We do not live in a die-and-distribute world. That’s not in anyone’s best interests. Statistics show that recipients of windfalls (large inheritances or winnings) have an exponentially higher likelihood of declaring bankruptcy. In some cases, the likelihood of bankruptcy goes up 30,000% (in the cases of lottery winners). In the case of inheritances, it’s been statistically shown that, for every $1 of inheritance, only $0.16 will remain after five years.
The takeaway is this: If you want to create a difference and leave a major impact on your descendants, you define that legacy. Think in terms of 200-300 years, not 20-30.
Don’t approach the conversation about estate planning with your parents from the perspective of Who gets the stuff? They won’t be as amenable and may even view your motives with suspicion. Instead, ask them: What kind of legacy do you want to create?
When talking to parents about estate planning, the point is to get your parents thinking about what they value. Maybe they value education or travel. They can create a living trust that will ensure their descendants realize the importance of whatever they value.
Living Trusts Cover All Three
Ultimately, all three of these concerns are addressed by creating a living trust. You cannot address all three with a will, and you certainly can’t address all three by doing nothing. Only a living trust wraps up all three major estate planning concerns in one cost-effective document.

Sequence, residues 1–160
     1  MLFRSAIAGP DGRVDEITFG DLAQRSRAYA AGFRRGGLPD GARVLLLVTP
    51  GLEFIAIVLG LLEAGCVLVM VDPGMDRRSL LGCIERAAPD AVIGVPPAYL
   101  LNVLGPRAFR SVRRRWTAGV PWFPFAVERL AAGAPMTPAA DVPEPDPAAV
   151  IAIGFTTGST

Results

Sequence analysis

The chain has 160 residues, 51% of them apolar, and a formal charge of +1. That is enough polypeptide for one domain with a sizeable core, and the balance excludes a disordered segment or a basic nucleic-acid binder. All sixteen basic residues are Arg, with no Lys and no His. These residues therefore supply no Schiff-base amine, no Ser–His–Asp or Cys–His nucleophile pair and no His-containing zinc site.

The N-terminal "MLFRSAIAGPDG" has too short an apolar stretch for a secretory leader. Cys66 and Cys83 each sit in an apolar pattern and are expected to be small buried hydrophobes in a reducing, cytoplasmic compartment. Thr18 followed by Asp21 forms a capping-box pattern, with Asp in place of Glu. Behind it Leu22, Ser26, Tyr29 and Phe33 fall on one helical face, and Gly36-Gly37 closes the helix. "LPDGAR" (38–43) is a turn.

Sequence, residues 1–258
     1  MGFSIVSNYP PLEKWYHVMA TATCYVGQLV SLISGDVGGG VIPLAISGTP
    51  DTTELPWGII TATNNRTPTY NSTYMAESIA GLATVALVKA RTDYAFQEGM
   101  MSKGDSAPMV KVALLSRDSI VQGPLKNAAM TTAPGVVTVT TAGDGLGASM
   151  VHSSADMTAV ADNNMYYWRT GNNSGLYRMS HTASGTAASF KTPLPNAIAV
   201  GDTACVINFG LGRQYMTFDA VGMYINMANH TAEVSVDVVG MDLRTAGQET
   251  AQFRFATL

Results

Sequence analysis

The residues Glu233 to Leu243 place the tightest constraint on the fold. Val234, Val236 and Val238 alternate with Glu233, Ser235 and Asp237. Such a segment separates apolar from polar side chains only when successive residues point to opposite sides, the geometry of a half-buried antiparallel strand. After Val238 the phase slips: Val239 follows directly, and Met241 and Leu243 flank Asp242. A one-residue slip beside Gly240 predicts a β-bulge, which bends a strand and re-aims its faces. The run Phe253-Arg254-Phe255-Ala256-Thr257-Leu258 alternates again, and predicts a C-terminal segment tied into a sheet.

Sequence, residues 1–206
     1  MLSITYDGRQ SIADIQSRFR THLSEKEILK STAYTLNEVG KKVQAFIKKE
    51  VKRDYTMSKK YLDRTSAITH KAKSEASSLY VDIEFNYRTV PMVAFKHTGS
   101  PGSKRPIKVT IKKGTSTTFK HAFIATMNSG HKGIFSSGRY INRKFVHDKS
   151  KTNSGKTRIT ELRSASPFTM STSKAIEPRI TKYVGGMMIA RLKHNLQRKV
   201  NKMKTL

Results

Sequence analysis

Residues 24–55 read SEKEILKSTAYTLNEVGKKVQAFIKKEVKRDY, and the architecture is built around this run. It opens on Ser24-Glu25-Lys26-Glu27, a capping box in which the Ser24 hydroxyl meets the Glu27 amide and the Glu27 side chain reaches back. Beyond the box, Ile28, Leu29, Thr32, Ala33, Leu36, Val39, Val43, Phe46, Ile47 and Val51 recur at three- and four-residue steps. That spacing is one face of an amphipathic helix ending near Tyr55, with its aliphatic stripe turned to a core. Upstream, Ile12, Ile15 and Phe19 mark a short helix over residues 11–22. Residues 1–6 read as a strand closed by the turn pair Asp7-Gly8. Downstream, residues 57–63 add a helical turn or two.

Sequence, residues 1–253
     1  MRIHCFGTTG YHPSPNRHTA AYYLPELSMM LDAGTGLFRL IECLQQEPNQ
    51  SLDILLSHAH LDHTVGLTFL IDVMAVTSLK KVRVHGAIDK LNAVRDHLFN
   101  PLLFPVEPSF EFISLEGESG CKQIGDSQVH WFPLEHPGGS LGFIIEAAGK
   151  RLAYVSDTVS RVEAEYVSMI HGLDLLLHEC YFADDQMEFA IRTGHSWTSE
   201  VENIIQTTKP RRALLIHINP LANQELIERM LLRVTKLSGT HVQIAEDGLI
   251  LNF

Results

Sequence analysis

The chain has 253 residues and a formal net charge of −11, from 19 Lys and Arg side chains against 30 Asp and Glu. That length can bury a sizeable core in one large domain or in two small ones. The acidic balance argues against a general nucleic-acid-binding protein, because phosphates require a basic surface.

To be clear: if you go the “do nothing” route and pass without any documentation in place, your assets will go through the court system via probate. If you own real estate, your assets will go through probate in every state wherein you own real estate. Thus, if you own property in four states like my earlier example, your estate will go through four separate probates.
Your parents may say that they don’t have enough assets to justify the cost of a living trust, or that trusts are only for the wealthy. The truth is that living trusts are significantly less expensive than probate. The average cost of wills is 20% of the assets given, whereas the average cost of living trusts is way less than $10,000 — in most cases, less than $5,000. If you form a living trust with Anderson Advisors, it’s even less.
Whether you’re ready to form a living trust or simply want to discuss your estate planning options with experts in a no-obligation, no-cost setting, reach out to schedule a complimentary consultation with one of our experienced and caring advisors. You can schedule online or by calling 1-800-706-4741.